Meditation is an ideal way to pray. Using God's word (Lectio Divina) allows me to hear, listen and reflect on what the Lord wants to say to me - to one of his disciples - just like He did two thousand years ago.
The best time to reflect is at the beginning of the day and for at least 15 to 30 minutes.
Prior to going to sleep, read the Mass readings for the next day and then, in the morning, reflect on the Meditation offered on this website.
I hope these daily meditations allow you to know, love and imitate the Lord in a more meaningful way.
God bless you!

Sunday, October 17, 2010

Luke 18:1-8 Passion and Zeal for You!

Luke 18: 1-8 Passion and Zeal for You!

Today’s Gospel antiphon sums it all up: “The word of God is living and effective, discerning reflections and thoughts of the heart.” Why? It is because the Word of God rings true to our hearts and minds. But it also challenges us.

I will never be satisfied with a lie or a feeling. It will never calm the restless heart or the inquisitive mind. A lie never satisfies and neither does a feeling. I should never go to Mass because it makes me feel good. I should go to Mass because it is true - it is the Lord’s command - it is Christ’s final words to his disciples, “Do this in memory of me.” That should make me feel good.

Never in the Old or New Testament do we read that the Lord did something because he felt like it or because it made him feel good. We should learn from Him. I do not go to Church because of the music. Rather, I go to Church because the Church preaches the Word and consumes Him too. You can’t get more intimate with God than that.

“When the Son of Man comes, will find faith on earth?” This question that the Lord asks is a reminder that we, Christians, are in a battle for our lives, our beliefs, and the Lord’s Way of life! Will he find faith on earth will depend on how well I know my faith, the faith of my childhood, the faith of my forefathers, the faith of my God! St. Paul writes, “Proclaim the word; be persistent whether it is convenient or inconvenient; convince, reprimand, encourage through all patience and teaching.” (2Tm 4:2)

It is not bad to be challenged about your belief in God, but it is horribly bad to lose your faith in God because you were challenged. Similarly, it is not bad to be challenged about why you are a Catholic, but it is a terrible loss to lose the true Church of Christ because you were unwilling to seel the truth and meet the challenge head on.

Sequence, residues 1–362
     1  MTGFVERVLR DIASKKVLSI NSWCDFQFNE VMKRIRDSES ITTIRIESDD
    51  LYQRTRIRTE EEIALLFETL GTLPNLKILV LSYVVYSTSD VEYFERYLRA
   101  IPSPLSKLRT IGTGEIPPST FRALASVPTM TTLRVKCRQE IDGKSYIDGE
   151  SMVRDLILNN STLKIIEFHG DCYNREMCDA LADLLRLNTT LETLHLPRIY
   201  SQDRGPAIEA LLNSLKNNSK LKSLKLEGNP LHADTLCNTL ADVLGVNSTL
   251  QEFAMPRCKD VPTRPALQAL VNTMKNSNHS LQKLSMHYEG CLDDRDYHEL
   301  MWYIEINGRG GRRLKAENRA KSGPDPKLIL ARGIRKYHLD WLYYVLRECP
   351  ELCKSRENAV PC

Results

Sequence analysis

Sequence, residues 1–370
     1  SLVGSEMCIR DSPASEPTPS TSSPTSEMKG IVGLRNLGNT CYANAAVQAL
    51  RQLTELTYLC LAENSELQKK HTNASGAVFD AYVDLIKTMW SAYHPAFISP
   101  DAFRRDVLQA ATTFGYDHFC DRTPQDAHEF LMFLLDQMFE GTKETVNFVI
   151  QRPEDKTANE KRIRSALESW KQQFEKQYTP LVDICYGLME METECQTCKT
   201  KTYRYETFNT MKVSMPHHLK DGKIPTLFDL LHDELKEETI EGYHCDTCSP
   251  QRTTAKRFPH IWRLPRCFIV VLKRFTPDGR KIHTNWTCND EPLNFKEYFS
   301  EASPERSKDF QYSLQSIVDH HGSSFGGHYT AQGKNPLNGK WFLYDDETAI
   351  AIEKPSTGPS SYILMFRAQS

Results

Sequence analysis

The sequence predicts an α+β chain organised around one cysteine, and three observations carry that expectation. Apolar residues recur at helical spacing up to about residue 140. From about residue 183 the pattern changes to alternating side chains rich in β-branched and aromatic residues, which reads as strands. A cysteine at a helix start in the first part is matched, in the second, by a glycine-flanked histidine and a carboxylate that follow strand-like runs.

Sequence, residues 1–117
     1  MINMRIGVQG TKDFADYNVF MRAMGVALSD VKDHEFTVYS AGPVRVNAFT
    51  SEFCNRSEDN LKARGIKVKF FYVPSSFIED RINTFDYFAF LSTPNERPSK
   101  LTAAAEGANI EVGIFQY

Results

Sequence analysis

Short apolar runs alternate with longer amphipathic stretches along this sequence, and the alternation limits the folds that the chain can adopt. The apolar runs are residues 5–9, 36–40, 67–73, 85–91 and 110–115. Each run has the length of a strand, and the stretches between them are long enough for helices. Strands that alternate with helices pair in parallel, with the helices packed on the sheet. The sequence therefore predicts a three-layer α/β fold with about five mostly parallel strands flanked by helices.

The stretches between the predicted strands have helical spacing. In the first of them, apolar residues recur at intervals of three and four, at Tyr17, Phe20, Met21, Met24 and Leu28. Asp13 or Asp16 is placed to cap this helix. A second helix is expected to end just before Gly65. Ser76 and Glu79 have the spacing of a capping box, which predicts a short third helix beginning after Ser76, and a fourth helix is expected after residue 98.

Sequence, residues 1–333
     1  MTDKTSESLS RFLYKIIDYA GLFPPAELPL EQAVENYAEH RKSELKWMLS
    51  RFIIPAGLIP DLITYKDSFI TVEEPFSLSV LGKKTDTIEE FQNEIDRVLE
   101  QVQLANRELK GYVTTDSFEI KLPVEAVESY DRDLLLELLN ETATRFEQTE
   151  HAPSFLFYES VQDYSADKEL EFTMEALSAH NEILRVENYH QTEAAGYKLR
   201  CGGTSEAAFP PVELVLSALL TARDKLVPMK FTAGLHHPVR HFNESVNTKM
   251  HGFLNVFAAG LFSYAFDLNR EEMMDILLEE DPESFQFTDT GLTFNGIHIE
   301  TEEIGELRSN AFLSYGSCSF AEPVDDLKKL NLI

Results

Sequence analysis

In the past few days I have been doing more and more apologetics than I care to. I am not very good at it because I get too passionate, too zealous about my God, my Church and my Pope! I have the tendency to win the argument but lose the soul! I am constantly reminded of the Lord’s words to his priests: “Whatever you bind on earth shall be bound in heaven. Whatever you loose on earth shall be loosed in heaven” (Mt 18:18). I do not wish to lose a soul and yet my passion for the truth is very much connected with my love for the Lord and his bride. I will be the first to admit that I am not cut out for this type of evangelization. And yet, in the past few days I have been reminded of the need to defend my God and my bride.

I recently heard from a woman who converted to Islam because she did not understand how God could be one and three at the same time. I immediately reminded her that a family consists of at least three persons: father, mother and child. I asked her, “How is it possible that the three could be one?” The answer is obvious: by its very nature. We should not equate one God with one person. In fact, we know that God is love. He is more love by being three than by being alone. After all, for love to exist, you need to have a Lover (the Father), a beloved (the Son) and Love itself (the Holy Spirit). It was sad that she had never heard an explanation like that before. It is very sad that someone got to her first.